Skip to:Content
Cover image for A mighty long way : my journey to justice at Little Rock Central High School
A mighty long way : my journey to justice at Little Rock Central High School
1st ed.
Publication Information:
New York : One World/Ballantine Books, c2009.
Physical Description:
xvi, 284 p., [16] p. of plates : ill. ; 25 cm.
Reading Level:
1040 L Lexile
Personal Subject:
Added Author:
When 14-year-old Carlotta Walls walked up to Little Rock Central High School on September 25, 1957, she and eight other black students only wanted to make it to class. But the journey of the "Little Rock Nine" would lead the nation on an even longer and much more turbulent path, one that would challenge prevailing attitudes, break down barriers, and forever change America. Descended from a line of proud black landowners and businessmen, Carlotta was raised to believe that education was the key to success. After Brown v. Board of Education, the teenager volunteered to be among the first black students--she was the youngest--to integrate nearby Central High School. But getting through the door was only the first of many trials. This inspiring memoir is not only a testament to the power of one to make a difference but also of the sacrifices made by families and communities that found themselves a part of history.--From publisher description.


Material Type
Call Number
Item Available
Book 379.263 LAN 0 1
Book 379.263 LAN 1 1

On Order



"When fourteen-year-old Carlotta Walls walked up the stairs of Little Rock Central High School on September 25, 1957, she and eight other black students only wanted to make it to class. But the journey of the Little Rock Nine, as they came to be known, would lead the nation on an even longer and much more turbulent path, one that would challenge prevailing attitudes, break down barriers, and forever change the landscape of America. Descended from a line of proud black landowners and businessmen, Carlotta was raised to believe that education was the key to success. She embraced learning and excelled in her studies at the black schools she attended throughout the 1950s. With Brown v. Board of Education erasing the color divide in classrooms across the country, the teenager volunteered to be among the first black students-of whom she was the youngest-to integrate nearby Central High School, considered one of the nation's best academic institutions. But for Carlotta and her eight comrades, simply getting through the door was the first of many trials. Angry mobs of white students and their parents hurled taunts, insults, and threats. Arkansas's governor used the National Guard to ba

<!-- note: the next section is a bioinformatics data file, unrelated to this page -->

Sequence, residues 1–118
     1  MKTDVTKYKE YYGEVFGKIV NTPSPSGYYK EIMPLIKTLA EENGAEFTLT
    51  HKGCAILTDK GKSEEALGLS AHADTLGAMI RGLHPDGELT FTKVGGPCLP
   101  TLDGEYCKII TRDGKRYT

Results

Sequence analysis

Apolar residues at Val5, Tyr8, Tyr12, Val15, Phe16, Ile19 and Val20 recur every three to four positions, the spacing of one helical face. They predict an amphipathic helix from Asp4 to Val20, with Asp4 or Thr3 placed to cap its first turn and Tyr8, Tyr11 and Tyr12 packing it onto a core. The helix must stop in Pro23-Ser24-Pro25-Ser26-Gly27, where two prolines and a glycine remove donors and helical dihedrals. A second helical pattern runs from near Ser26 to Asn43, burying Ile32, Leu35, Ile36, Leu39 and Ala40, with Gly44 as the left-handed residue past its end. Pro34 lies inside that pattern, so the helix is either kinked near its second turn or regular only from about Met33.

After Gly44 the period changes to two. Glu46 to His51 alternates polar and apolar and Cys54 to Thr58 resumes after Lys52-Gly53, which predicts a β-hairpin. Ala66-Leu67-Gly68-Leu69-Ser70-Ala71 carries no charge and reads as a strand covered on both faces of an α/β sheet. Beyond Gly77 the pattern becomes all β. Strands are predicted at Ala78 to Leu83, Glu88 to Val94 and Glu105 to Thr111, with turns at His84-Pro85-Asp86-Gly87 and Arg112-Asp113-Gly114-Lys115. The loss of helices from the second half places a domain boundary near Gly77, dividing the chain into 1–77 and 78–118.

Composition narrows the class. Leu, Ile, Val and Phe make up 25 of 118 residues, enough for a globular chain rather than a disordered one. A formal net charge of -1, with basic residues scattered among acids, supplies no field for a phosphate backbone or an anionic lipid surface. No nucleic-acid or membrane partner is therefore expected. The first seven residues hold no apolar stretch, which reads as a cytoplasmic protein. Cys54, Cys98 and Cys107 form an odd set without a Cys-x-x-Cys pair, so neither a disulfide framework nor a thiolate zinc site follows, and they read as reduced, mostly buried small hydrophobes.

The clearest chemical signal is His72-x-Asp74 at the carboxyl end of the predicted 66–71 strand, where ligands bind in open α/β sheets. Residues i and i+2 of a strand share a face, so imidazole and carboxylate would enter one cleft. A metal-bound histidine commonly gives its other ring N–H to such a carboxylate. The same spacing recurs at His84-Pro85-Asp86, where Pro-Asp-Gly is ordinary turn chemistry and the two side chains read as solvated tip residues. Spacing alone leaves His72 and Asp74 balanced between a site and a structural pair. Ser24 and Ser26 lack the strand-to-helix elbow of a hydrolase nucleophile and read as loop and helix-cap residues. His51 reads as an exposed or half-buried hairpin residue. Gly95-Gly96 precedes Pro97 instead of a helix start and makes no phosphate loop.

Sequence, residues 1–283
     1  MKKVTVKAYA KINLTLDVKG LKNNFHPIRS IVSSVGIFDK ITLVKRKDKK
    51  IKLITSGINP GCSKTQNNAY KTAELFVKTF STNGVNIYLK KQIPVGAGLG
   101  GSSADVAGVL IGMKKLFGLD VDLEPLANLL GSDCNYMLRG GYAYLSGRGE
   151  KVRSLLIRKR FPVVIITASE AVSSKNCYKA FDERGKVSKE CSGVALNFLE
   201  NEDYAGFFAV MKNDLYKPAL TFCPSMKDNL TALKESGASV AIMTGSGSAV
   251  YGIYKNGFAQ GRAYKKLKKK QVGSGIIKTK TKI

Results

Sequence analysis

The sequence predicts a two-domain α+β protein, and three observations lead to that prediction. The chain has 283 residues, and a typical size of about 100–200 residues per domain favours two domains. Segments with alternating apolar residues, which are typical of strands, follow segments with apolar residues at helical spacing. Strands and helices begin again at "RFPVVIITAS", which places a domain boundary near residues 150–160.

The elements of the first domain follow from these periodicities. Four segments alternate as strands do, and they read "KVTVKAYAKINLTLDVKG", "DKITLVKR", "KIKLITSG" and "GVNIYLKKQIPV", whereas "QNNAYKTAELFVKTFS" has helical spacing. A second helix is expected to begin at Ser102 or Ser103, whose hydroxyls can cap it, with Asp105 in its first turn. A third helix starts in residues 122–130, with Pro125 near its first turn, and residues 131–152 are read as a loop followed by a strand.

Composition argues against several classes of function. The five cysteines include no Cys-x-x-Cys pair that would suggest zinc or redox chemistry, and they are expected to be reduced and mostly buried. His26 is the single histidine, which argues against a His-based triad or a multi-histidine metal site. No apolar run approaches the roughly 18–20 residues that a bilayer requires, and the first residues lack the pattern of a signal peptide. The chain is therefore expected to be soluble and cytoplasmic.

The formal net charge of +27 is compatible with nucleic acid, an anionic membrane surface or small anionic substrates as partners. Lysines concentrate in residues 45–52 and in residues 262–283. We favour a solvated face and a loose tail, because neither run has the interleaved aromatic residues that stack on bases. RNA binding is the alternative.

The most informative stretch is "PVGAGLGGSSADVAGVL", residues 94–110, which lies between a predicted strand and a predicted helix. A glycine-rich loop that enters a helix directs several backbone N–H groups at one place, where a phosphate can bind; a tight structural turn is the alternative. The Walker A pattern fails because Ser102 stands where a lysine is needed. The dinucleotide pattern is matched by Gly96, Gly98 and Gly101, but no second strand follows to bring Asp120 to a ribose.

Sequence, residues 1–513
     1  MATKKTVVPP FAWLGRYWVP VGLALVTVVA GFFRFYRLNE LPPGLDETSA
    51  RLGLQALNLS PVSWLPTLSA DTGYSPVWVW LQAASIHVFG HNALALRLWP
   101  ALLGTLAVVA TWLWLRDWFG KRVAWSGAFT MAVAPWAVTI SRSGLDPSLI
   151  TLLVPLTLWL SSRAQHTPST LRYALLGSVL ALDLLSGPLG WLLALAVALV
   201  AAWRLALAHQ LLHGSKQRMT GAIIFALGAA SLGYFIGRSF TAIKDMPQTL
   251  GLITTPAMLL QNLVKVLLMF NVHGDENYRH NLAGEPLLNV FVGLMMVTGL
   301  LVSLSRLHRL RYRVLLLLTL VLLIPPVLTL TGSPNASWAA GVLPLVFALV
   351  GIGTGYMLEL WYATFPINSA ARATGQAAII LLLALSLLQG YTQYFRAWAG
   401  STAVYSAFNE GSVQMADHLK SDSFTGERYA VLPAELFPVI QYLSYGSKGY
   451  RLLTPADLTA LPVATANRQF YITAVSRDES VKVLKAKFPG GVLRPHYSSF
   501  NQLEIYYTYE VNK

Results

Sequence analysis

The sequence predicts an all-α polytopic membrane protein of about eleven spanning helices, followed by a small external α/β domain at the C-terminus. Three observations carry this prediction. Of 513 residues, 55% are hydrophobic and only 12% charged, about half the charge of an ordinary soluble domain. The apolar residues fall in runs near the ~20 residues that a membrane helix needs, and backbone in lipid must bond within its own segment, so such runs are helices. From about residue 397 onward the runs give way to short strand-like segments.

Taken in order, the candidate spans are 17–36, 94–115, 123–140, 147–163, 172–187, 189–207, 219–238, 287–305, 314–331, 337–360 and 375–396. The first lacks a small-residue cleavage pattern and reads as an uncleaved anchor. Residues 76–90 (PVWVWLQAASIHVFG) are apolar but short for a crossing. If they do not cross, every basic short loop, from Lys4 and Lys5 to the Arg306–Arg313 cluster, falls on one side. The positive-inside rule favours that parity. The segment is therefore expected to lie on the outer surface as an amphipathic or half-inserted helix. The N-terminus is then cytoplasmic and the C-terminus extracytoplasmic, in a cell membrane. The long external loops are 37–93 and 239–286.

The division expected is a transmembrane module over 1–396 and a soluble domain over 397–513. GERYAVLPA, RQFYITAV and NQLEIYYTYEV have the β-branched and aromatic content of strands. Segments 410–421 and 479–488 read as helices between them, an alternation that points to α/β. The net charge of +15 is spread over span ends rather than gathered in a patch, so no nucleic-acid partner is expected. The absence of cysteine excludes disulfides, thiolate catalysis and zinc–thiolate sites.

Author Notes

"Carlotta Walls LaNier attended Michigan State University and graduated from Colorado State College-now the University of Northern Colorado, on whose board of trustees she sits. After working for the YWCA, she founded her own real estate brokerage firm, LaNier and Company. A sought-after lecturer, LaNier speaks across the country, and she has received the Congressional Medal of Honor and two honorary doctorate degrees. She is the mother of two children, Whitney and Brooke, and lives in Englewood, Colorado, with her husband, Ira. Lisa Frazier Page, an editor and award-winning reporter at The Washington Post , is the co-author of the New York Times bestseller The Pact- Three Young Men Make a Promise and Fulfill a Dream . A graduate of New Orleans's Dillard University, Page holds a master's degree from Northwestern University's Medill School of Journalism. She grew up in Bogalusa, Louisiana, and lives in the Washington, D.C., area with her husband. They have four children."

Reviews 4

Publisher's Weekly Review

At 14, Lanier was the youngest of the "Little Rock Nine," who integrated Little Rock Central High School in 1951; she went on to become the first African -American young woman to receive a diploma from the school. Her memoir provides a firsthand account of a seismic shift in American history. She recalls the well-reported violence outside the school and daily harassment and ineffective protection from teachers and guards. Away from school, the Nine were honored and feted, but their parents found their jobs-even their lives-in jeopardy. Lanier's house was bombed, and a childhood friend, Herbert Monts, was falsely accused and convicted. Monts's account of his experiences, shared with Lanier, 43 years later, is historically newsworthy. Lanier's recollections of family history and her relatively pedestrian experiences after high school graduation (graduate school, job hunting, marrying, finding her new home in Denver) lack the drama of her historical moment. In a sense, Lanier didn't make history, history made her. Her plainspoken report from the front line is, nevertheless, a worthy contribution to the history of civil rights in America. (Sept.) (c) Copyright PWxyz, LLC. All rights reserved

Booklist Review

In 1957 nine black students integrated Central High School in Little Rock, Arkansas, triggering a firestorm of violence. LaNier, at 14, was one of the group that came to be known as the Little Rock Nine. Overwhelmed by the hatred she and others faced, as well as the national notoriety and talk of their bravery when they were just teenagers trying to get a good education, LaNier has for nearly 40 years been fairly silent about the experience. When President Bill Clinton honored the nine with the Congressional Gold Medal, LaNier began to tell her own story. In this gripping memoir, she recalls her family history of achievement, her decision to go to Central, the harassment and abuse she suffered, and the disrupted school years as she took correspondence courses and went to school elsewhere. She also recalls the bombing of her family's home and the unjust conviction of a family friend blamed for the bombing. A moving, very personal account of the aftermath of the 1954 Brown decision that began the painful process of desegregation.--Bush, Vanessa Copyright 2009 Booklist

Kirkus Review